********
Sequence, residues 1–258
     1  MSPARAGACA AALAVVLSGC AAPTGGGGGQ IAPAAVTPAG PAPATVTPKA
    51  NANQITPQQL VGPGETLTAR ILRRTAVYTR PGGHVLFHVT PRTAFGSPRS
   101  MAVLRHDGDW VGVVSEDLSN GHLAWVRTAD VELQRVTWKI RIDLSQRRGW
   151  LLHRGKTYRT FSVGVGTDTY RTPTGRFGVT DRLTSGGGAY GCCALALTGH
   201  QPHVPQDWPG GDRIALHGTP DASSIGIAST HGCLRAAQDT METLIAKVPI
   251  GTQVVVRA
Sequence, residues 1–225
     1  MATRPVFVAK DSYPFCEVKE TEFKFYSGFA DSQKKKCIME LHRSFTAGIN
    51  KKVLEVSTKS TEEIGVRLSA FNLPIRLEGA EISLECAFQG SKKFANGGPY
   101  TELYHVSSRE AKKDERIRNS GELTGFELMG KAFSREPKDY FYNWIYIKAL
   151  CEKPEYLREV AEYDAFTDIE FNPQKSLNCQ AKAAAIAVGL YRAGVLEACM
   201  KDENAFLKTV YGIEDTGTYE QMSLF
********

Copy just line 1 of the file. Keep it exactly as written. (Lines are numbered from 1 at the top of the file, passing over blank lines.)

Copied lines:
Sequence, residues 1–258